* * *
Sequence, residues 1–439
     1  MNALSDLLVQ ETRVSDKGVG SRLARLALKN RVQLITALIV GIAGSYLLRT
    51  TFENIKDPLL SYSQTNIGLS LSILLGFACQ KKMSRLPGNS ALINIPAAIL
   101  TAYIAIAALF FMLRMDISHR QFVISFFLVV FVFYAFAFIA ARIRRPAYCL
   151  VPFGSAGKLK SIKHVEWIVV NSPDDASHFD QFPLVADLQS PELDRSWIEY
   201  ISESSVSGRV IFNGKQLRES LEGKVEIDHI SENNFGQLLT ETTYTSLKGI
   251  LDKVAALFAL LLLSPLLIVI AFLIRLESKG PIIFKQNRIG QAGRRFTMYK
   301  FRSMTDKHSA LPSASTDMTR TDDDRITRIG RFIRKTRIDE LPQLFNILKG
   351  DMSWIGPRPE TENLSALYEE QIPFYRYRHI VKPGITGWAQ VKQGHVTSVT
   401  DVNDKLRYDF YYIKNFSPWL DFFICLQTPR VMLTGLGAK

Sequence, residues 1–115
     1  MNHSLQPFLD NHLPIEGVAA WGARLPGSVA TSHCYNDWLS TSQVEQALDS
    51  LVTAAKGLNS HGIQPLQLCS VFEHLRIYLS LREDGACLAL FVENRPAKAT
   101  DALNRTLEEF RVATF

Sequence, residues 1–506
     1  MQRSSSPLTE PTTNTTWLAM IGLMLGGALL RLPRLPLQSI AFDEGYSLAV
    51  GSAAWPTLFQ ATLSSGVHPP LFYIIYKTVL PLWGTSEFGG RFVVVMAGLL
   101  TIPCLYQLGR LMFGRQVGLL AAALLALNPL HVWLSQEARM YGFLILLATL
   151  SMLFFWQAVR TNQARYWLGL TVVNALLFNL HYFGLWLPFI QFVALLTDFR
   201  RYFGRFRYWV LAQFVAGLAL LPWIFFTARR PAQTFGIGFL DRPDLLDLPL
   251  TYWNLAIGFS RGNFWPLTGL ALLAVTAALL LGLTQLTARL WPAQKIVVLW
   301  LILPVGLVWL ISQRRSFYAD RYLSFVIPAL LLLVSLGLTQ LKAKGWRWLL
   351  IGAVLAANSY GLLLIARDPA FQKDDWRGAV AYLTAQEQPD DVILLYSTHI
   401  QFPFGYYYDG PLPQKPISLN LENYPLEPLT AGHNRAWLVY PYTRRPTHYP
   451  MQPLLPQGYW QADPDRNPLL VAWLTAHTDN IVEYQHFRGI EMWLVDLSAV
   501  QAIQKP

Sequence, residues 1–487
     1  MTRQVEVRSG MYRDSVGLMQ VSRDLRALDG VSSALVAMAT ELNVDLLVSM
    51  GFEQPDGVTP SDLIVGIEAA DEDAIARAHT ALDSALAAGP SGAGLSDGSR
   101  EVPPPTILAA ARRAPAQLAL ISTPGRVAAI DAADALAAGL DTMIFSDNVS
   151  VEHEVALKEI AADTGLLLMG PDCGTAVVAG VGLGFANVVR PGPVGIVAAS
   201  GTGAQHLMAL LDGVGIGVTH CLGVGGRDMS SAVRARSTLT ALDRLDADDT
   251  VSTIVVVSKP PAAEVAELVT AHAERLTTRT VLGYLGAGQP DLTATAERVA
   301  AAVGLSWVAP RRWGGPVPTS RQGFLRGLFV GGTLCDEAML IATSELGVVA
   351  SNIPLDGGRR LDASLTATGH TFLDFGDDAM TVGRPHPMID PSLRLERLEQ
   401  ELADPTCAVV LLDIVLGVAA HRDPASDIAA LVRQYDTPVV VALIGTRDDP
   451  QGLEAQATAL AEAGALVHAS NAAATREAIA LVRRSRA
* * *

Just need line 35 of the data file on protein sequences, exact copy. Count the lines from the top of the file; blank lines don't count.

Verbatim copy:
   351  SNIPLDGGRR LDASLTATGH TFLDFGDDAM TVGRPHPMID PSLRLERLEQ